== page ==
European Journal of Epidemiology

, Volume 23, Issue 11, pp 747–755

Fractures as predictors of excess mortality in the aged—A population-based study with a 12-year follow-up

Authors

    • Department of Family MedicineUniversity of Turku
    • Härkätie Health Centre
  • Tero Vahlberg
    • Department of BiostatisticsUniversity of Turku
  • Minna Löppönen
    • Department of Family MedicineUniversity of Turku
    • Härkätie Health Centre
  • Ismo Räihä
    • Department of Family MedicineUniversity of Turku
    • Pori Health Centre
    • Department of Internal MedicineTurku City Hospital
  • Raimo Isoaho
    • Department of Family MedicineUniversity of Turku
    • Pori Health Centre
    • Nordic School of Public Health
  • Sirkka-Liisa Kivelä
    • Department of Family MedicineUniversity of Turku
    • Satakunta Central Hospital
    • Unit of Family MedicineTurku University Hospital
LOCOMOTOR DISEASES

DOI: 10.1007/s10654-008-9289-4

Cite this article as:
Piirtola, M., Vahlberg, T., Löppönen, M. et al. Eur J Epidemiol (2008) 23: 747. doi:10.1007/s10654-008-9289-4

Abstract

Introduction and objective The association between fractures and excess mortality in old age is ambiguous. The objective of this study was to analyze the long-term gender-specific association between fractures and mortality among older persons by controlling several survival related confounders. Methods A population-based prospective cohort study in the municipality of Lieto, south-western Finland. Data on health, health behaviour, fractures, and mortality in 482 men and 695 women aged 65 or older was collected from 1991 until 2002. The Cox Proportional Hazards regression model with fractures as time-dependent variables was used in the analyses. Results During the 12-year follow-up, 295 (25%) persons sustained at least one fracture. Sustaining any kind of fracture was related to excess mortality both in men (age-adjusted Hazards Ratio, HR 2.2, 95% confidence intervals, CI 1.6–3.1) and in women (HR 1.6, 95% CI 1.3–2.1). In the multivariate analyses, hip fractures in men (HR 8.1, 95% CI 4.4–14.9) and in women (HR 3.0, 95% CI 1.9–4.9), and proximal humerus fractures in men (HR 5.4, 95% CI 1.6–17.7) were related to increased mortality. Conclusion A hip fracture was a powerful independent predictor of long-term excess mortality in both genders but the risk in men was more than 2-fold compared to women. Proximal humerus fractures were associated with increased mortality in men. Actions to improve prevention, acute care and rehabilitation of fractures are needed in order to reduce excess mortality in older people.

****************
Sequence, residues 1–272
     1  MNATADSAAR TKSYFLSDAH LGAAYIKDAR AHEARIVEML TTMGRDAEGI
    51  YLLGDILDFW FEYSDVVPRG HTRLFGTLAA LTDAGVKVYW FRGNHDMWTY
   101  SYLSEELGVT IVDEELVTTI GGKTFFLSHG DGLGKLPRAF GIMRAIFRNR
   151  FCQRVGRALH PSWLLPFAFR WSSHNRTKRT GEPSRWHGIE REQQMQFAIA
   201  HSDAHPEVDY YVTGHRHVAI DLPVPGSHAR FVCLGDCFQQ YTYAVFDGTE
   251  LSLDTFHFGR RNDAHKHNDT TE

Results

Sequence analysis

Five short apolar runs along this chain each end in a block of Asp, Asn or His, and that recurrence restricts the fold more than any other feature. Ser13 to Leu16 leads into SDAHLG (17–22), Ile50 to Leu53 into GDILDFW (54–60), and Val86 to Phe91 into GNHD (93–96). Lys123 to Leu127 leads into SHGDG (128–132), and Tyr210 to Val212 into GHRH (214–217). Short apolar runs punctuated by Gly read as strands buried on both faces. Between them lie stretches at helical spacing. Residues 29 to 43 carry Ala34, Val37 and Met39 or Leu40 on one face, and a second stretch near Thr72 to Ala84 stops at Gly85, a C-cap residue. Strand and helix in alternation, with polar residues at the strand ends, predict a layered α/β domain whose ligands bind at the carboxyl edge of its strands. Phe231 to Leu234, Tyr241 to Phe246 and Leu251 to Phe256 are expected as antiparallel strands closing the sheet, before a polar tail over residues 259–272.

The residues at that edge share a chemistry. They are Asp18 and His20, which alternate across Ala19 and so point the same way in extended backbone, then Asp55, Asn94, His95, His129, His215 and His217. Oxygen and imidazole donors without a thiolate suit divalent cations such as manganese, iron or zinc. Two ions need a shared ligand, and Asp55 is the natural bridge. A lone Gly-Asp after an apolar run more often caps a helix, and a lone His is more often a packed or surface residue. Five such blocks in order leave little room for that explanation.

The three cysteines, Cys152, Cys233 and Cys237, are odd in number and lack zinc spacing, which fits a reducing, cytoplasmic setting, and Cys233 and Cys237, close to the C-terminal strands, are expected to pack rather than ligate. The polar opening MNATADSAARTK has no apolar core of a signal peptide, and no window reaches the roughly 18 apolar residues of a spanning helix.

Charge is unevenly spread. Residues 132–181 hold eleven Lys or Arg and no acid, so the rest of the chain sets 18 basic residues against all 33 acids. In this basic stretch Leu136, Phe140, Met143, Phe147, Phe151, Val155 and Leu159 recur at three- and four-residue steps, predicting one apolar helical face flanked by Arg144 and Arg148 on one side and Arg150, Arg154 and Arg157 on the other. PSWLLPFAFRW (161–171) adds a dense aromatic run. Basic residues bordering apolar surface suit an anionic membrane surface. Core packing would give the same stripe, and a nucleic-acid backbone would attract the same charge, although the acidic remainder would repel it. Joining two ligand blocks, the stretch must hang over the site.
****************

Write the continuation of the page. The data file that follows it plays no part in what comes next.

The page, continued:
Keywords

AgedComorbidityFollow-upFractureMortalityPopulation-based

Abbreviations

ADL

Activities of daily living

BMI

Body mass index

HR

Hazards ratio

IADL

Instrumental activities of daily living

ICD-10

International classification of diseases 10th version

kPa

kiloPascals

MMSE

Mini-mental state examination

SD

Standard deviation

ZSDS

Zung self-rating depression scale

95% CI

95% Confidence Interval

Copyright information

© Springer Science+Business Media B.V. 2008